In 1993, Microprose decided to re-release some of their earlier hits as so-called Deluxe editions. Railroad Tycoon, not an old game by any standards at that point, was one to receive such a treatment. As expected, it is almost exclusively a graphical upgrade, and not even a particularly attractive one; although the screen resolution is increased, apart from a couple of digitized photos at special events, the main art is not actually qualitatively improved. The other main change is the inclusion of three new scenarios: North America (in its entirety), South Africa and South America. The latter two being particularly hard scenarios. They come at the expense of the England scenario which does not appear anymore.
That's it. It's regular. Though what is that, exactly? It is, without any doubt, a seminal game which set the standards for the model train / logistics genre until this very day. On the selected map, you use your startup capital to build your first railroad… maybe connecting two towns. Then you buy your first train and put it on the tracks to take passengers or goods back and forth. Delivering the right things to the right places pays some nice money. Hopefully, it pays more than your running expenses, so you're left with some profit which you can then re-invest into expansion of your network.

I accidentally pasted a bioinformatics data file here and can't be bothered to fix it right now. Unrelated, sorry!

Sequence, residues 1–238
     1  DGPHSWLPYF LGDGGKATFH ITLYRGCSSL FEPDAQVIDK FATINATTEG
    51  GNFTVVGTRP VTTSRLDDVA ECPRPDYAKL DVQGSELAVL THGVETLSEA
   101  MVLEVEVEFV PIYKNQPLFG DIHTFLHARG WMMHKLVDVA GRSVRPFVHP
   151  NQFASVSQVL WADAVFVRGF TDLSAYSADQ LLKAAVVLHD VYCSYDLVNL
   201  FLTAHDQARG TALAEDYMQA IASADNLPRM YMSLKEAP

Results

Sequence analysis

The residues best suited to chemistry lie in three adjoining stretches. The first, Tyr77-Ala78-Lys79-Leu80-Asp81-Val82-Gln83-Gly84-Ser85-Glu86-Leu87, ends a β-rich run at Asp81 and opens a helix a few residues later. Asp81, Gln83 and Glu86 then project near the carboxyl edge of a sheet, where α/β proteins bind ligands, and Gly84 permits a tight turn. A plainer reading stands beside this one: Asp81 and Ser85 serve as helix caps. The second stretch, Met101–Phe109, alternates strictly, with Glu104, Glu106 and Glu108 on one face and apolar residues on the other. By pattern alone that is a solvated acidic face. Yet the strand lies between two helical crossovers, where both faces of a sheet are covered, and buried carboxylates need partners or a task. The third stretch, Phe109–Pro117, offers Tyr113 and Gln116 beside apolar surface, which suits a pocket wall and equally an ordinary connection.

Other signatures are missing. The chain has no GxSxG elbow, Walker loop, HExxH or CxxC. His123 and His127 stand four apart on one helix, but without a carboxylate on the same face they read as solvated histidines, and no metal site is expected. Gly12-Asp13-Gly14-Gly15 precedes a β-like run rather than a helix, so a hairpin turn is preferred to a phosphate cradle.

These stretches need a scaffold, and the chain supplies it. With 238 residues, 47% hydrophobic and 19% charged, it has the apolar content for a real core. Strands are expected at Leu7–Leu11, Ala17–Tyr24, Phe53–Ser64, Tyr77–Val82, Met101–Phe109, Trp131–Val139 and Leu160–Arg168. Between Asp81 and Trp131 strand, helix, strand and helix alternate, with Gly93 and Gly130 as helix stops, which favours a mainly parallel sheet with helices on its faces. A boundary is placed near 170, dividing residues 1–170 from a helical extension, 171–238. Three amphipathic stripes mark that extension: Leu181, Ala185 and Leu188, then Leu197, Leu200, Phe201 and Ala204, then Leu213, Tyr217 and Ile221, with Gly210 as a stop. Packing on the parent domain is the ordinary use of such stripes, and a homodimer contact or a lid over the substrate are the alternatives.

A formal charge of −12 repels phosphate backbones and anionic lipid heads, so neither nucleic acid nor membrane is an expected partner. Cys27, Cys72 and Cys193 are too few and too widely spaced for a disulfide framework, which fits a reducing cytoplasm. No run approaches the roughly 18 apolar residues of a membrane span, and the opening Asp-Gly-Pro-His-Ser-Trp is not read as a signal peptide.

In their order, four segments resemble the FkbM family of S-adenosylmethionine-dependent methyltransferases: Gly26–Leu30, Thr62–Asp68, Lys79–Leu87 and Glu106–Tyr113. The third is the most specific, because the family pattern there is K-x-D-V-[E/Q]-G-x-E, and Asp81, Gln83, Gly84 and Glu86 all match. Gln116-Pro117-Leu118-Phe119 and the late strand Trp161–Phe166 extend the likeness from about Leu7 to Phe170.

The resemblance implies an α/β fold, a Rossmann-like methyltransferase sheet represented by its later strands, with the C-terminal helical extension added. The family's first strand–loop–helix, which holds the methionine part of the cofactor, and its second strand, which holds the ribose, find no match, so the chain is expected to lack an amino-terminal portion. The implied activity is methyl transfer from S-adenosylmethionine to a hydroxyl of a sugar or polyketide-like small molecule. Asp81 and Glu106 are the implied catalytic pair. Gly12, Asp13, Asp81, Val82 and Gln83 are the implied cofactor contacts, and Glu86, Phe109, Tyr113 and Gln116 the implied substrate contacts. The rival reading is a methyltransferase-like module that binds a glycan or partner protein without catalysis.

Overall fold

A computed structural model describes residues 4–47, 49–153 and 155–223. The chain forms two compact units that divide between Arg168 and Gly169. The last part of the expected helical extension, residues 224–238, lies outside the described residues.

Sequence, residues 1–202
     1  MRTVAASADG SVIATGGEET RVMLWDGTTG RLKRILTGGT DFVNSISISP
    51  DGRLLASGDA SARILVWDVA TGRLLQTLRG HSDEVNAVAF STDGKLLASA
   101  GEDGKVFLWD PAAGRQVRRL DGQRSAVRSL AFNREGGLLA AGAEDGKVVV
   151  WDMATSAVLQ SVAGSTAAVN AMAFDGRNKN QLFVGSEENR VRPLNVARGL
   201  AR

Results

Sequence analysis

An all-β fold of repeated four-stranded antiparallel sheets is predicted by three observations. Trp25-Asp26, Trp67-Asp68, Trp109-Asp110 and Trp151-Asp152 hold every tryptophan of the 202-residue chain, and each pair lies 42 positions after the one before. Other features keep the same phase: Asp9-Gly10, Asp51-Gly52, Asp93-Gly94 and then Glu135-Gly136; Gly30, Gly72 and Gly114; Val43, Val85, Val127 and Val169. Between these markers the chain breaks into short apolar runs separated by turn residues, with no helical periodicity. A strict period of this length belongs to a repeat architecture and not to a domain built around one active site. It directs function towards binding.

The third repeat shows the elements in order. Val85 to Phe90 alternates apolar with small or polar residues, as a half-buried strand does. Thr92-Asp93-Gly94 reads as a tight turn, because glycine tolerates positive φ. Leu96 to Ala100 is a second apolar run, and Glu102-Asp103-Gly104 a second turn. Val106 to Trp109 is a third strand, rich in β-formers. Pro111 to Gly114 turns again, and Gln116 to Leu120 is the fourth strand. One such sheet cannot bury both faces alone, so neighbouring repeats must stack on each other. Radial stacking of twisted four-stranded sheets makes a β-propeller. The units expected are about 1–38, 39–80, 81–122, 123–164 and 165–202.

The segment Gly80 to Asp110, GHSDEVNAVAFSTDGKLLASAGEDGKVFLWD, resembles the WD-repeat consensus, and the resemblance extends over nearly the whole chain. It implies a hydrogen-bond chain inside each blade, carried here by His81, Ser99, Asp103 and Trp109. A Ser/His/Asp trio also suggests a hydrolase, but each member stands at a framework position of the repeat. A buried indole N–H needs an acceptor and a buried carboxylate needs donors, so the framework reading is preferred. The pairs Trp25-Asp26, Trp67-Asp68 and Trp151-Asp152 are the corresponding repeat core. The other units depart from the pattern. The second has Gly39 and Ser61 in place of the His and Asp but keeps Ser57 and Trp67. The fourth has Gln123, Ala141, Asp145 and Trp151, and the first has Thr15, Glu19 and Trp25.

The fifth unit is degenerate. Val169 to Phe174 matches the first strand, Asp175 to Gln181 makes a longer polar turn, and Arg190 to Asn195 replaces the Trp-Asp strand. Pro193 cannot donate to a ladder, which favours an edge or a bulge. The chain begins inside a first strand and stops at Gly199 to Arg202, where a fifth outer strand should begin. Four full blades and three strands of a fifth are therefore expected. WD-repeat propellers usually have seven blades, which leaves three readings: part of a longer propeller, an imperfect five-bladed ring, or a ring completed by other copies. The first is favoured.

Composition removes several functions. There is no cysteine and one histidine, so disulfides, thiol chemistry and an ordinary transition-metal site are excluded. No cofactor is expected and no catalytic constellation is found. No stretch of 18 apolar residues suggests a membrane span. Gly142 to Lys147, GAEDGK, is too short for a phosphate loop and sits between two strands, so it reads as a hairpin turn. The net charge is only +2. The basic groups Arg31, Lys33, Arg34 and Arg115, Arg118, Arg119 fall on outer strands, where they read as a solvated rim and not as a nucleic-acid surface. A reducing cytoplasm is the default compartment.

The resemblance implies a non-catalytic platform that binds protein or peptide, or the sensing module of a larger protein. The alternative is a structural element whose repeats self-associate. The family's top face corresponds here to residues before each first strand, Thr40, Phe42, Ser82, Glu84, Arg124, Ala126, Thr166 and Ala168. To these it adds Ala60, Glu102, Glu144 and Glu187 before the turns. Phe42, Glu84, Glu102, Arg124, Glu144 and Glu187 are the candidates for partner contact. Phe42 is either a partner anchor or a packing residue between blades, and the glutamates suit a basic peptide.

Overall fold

It is important to remind oneself how revolutionary this concept was handled by this game. Instead of representing the interaction through static pages of numbers, diagrams and menus, gameplay takes place in real time on a somewhat tangible map. A map which intuitively shows landscape types (plains, woods, hills etc.), cities (including their size, without resorting to overlaying a number), natural resources (ore mines, farms…) and industry. A map, on which railway tracks are put directly and where they remain visible throughout, and little locomotives will puff along, pulling different, distinguishable carriages.